Form and structure of the rural-urban fringe as a diagnostic tool of postmodern urban development in Canada
Starchenko, Oksana M.
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This research presents an attempt to “geolocate” postmodern urban development within Canadian urban space using changes in the form and structure of the rural-urban fringe areas as a diagnostic tool. The main argument presented herein is that conceptualizations of postmodern urban form and structure, and particularly their treatment in the urban geographic literature, mask the high level of diversity occurring across the Canadian urban hierarchy. A two-stage methodology linking the models describing postmodern urban form and structure found in the North American geographic literature with the theoretical contributions dealing with factors and forces of urban development is employed. First, investigation of the current patterns of differentiation of the urban social space in Canadian metropolitan areas is conducted. This stage of the analysis is informed by a structural approach to urban geography and carried out by means of factorial ecology. A typology of Canadian rural-urban fringe CSDs is developed using data from 1991 and 1996 censuses of population. Second, two indicators of functional relationships existing between urban fringe and urban core areas — the geographic extent of personal networks of individuals and the activity spaces of households — are investigated in the exemplar rural-urban fringe CSDs. This stage of the analysis is informed by propositions of structuration theory, although it remained compositional with regards to the main focus of analysis. The results of this research suggest that models of postmodern urban form and structure, which have developed in the context of the recent socio-economic restructuring taking place in the United States, do not adequately describe the situation in Canada. While the current context of urban development in Canada shows certain similarities to that in the United States, it also exhibits some unique features that have important implications for the urban development. Variation in urban form and structure in Canada appears to follow two axes — the regional location of metropolitan areas and their positions within the national urban hierarchy. Although Canada exhibits a strong spatial differentiation into heartland and hinterland regions, no shift in focus of the socio-economic space comparable to that of the American Frostbelt-Sunbelt dichotomy is observed here. The majority of rural-urban fringe areas that have elements of postmodern form and structure were found at the top of the urban hierarchy and in the region that has historically been the economic and political core of Canada. Urban areas positioned in the middle of the urban hierarchy appear to have a monocentric structure with a significant degree of centrality.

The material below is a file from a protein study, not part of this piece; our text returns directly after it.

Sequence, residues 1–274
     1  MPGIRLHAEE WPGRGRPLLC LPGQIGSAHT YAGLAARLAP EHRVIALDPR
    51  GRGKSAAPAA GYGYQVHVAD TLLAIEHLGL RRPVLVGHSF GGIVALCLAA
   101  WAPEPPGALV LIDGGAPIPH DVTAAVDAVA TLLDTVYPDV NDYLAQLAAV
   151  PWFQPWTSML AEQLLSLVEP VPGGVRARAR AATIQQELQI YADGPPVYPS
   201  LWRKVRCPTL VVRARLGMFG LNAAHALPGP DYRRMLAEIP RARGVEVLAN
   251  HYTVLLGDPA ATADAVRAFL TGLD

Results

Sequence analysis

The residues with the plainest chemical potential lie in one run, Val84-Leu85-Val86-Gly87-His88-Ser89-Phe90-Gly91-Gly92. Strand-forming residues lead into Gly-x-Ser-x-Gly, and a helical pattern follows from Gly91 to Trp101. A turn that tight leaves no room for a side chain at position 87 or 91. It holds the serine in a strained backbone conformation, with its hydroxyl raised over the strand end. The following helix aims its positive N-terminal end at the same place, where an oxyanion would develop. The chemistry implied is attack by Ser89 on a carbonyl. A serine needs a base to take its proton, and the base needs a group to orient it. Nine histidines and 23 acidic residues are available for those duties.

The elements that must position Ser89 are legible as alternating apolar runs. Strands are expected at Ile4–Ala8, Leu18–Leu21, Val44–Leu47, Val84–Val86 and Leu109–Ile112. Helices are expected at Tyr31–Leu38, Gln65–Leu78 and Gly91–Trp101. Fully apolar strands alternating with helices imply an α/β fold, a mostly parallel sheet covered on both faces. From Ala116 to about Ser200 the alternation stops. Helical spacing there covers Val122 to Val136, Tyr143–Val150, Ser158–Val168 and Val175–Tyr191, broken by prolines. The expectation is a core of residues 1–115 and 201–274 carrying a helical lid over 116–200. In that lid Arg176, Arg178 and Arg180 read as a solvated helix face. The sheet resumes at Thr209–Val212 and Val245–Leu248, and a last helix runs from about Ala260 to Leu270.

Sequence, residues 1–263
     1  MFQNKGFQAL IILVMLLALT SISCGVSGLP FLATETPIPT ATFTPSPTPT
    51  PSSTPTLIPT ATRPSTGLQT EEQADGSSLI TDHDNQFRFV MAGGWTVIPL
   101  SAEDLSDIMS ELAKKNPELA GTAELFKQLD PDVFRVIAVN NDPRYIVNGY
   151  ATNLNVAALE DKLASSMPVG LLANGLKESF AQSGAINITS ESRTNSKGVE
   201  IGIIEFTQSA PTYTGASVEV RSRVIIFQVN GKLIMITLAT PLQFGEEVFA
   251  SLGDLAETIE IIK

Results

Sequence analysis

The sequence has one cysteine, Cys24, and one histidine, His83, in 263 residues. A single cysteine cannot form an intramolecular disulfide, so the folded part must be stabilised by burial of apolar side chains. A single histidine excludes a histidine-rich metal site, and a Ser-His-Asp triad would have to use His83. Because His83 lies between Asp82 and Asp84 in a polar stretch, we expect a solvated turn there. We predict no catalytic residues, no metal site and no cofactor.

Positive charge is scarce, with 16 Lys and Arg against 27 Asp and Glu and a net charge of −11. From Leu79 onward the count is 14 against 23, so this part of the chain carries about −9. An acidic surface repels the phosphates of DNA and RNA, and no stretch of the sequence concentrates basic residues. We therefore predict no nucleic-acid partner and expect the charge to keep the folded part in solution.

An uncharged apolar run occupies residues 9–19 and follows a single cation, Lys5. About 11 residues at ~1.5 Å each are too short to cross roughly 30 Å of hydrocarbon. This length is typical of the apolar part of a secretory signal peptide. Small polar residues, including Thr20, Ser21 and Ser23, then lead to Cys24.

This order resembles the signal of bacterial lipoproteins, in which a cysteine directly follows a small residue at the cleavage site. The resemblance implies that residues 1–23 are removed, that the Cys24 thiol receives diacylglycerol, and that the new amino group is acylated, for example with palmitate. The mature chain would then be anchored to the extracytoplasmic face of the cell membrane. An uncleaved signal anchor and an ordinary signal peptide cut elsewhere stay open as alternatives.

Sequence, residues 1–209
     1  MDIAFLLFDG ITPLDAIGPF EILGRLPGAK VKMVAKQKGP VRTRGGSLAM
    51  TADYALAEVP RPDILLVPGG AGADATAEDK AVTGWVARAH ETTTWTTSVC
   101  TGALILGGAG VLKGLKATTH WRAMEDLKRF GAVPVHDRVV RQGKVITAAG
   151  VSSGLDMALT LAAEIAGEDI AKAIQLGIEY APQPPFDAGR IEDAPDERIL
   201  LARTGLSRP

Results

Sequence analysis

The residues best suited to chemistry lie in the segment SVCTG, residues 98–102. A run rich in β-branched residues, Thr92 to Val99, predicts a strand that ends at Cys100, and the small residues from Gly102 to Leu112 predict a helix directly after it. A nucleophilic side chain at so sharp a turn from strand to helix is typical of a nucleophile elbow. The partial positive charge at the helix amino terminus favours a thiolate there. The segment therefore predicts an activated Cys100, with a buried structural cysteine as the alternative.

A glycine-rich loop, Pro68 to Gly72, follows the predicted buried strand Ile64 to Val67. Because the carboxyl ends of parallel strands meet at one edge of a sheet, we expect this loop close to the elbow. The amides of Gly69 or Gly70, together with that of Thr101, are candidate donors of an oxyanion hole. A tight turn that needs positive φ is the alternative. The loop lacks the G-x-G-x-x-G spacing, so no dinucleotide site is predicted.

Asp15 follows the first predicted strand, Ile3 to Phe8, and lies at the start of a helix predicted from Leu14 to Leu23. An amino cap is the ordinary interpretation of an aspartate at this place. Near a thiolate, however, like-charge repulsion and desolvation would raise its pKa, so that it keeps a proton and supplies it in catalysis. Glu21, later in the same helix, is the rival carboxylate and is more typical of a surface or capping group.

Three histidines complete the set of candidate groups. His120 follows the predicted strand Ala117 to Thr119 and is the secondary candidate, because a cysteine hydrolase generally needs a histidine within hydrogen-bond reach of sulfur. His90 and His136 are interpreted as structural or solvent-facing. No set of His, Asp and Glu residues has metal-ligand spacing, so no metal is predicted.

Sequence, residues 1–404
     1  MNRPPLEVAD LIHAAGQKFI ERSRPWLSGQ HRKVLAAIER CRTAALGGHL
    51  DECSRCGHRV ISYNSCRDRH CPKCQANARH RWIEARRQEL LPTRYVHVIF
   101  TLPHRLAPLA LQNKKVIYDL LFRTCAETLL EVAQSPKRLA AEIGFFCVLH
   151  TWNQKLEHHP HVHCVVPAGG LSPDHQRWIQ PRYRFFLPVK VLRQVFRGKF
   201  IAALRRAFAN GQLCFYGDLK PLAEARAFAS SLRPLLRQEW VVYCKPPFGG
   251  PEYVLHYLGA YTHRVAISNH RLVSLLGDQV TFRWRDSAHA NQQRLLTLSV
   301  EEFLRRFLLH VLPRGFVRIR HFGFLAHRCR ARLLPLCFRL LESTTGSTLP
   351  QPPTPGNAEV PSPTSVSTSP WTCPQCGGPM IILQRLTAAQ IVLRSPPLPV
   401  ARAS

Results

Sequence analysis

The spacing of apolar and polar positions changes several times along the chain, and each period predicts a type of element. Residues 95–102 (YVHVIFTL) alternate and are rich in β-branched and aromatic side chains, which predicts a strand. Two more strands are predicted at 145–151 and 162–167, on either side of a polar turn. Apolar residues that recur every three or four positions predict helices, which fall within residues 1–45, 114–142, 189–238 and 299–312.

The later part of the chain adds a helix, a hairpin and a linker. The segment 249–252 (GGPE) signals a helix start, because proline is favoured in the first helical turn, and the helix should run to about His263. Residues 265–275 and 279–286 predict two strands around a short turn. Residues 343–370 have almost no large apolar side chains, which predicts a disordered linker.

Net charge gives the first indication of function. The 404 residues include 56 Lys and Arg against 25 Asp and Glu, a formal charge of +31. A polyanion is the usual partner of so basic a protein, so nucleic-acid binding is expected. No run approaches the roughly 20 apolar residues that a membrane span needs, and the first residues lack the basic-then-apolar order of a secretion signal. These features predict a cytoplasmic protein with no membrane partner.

DegreeDoctor of Philosophy (Ph.D.)
SupervisorRandall, James E.
Copyright DateMarch 2005